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Do you listen to music in stereo mode or extended stereo mode.

Discussion in 'AV Receivers' started by george_k, Nov 3, 2003.

  1. george_k

    george_k Active Member

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    I own a NAD T742 and I find that I like the extended stereo mode for music listening rather than pure 2-channel.

    The extended stereo mode treats front and rear speakers the same so you get enveloped in sound. I'm not sure what other manufacturers call this.

    Which do you prefer?
     
  2. John Garcia

    John Garcia Well-Known Member

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    I prefer 2ch stereo.
     
  3. Robert AG

    Robert AG Well-Known Member

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    I prefer to listen to the recording as it was originally done. There are a lot of imaging cues in even 2 channel stereo recordings that are obliterated by post processing (no matter who's it is).

    I can see where expanding the sound to the surround speakers when listening to a stereo recording might be preferred by some, but the more subtle qualities of the acoustic soundstage are lost when doing this.

    I'm speaking mostly of acoustic recordings made in natural spaces here - studio recordings of especially rock and synthesizer music don't have natural soundstaging to begin with (it's all created artifically with pan pots and reverb etc.), so anything goes when listening to this type of recording.
     
  4. Brian L

    Brian L Well-Known Member

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    I prefer PL II Music and EARS on my 762, although I do stay with 2CH for some titles.

    BGL
     
  5. Dan Driscoll

    Dan Driscoll Well-Known Member

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    For serious listening to LPs and CDs, 2 channel mode. When I'm listening to DVD-A, 6 channel. I only use '5 channel stereo' for background music when we have guests or if I'm hosting poker night.
     
  6. Alan Pummill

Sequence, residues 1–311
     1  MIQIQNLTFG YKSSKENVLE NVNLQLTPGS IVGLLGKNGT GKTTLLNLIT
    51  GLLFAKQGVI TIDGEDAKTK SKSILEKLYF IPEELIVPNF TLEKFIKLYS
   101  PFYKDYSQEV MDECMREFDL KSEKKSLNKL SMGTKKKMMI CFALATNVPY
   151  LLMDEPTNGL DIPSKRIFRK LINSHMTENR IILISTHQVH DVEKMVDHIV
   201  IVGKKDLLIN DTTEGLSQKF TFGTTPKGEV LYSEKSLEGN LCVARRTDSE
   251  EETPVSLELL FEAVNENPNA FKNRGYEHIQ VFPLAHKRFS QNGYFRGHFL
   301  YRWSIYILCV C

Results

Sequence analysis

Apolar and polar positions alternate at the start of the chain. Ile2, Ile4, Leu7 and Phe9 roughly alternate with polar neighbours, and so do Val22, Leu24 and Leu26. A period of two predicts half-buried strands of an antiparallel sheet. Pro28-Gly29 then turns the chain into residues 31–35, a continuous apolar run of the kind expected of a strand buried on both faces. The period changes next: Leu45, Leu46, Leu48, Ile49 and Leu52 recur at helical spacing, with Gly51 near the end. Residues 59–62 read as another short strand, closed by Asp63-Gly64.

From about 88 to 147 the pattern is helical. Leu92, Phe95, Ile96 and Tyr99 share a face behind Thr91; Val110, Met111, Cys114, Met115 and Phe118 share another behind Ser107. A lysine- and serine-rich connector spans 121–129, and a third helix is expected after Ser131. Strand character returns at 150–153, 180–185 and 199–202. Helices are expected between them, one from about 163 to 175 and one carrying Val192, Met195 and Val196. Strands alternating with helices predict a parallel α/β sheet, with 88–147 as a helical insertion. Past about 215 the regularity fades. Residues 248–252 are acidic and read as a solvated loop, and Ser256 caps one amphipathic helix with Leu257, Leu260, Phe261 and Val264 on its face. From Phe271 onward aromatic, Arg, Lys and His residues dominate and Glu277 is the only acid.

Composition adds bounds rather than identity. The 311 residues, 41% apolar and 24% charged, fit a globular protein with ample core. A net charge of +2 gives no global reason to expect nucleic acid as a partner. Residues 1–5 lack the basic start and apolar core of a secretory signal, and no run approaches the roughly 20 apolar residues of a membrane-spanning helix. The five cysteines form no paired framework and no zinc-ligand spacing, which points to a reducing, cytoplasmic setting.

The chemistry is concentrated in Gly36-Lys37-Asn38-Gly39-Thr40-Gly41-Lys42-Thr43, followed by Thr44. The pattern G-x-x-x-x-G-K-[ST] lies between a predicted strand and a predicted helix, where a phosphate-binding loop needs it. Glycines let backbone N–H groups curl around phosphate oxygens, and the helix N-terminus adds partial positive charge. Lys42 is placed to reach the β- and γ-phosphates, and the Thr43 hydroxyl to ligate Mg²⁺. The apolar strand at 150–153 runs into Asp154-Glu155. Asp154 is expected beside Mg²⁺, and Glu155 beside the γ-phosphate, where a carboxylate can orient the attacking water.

Alan Pummill Well-Known Member

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    2-channel stereo, unless DVD-A or SACD.
     
  7. John Garcia

    John Garcia Well-Known Member

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    Even with SACD, I prefer 2ch in most cases (not all), it really depends on how well the multi-channel mix is done.

    PLII, while good at what it does, does not sound better than 2ch to me with music, nor does DTS NEO6
     
  8. Tom Oh

    Tom Oh Well-Known Member

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    I use multi-channel for rock only. Everything else is 2ch with sub off and Mains (MA Silver 7) set to Large.
     
  9. BrianWoerndle

    BrianWoerndle Well-Known Member

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    I always listen to music in Pure Direct Stereo. While Extended stereo retains the left to right imaging, it loses the front to back imaging. With good stereo recordings I can hear the trumpets behind the violins. When you have sound coming from in front of you and behind you that is impossible.

    If you have your speakers set up well, stereo should be able to fill the entire room. Almost every person that listens to music on my system (in stereo) will fight with me saying that the center speaker is on. They will actually get up and walk over to the center channel and once they put their ear on it and hear nothing they will still argue that it is on. Some people even think the rears are on too. I have such good positioning that it is scary.
     
  10. Carl Johnson

    Carl Johnson Premium
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    Most of the time I use five channel stereo. I don't listen to music with my undivided attention the same way that I watch movies so I'm not as concerned about listening in OAR.
     
  11. John Garcia

    John Garcia Well-Known Member

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  12. george_k

    george_k Active Member

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    BrianWoerndle,

    Could you be a little more specific about how you've setup your system. If what you say is true then I'd definately like to optimise my setup.
     
  13. BrianWoerndle

    BrianWoerndle Well-Known Member

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    It is all about placement. There is no specific answer, you just have to try a bunch of different things. A few tips: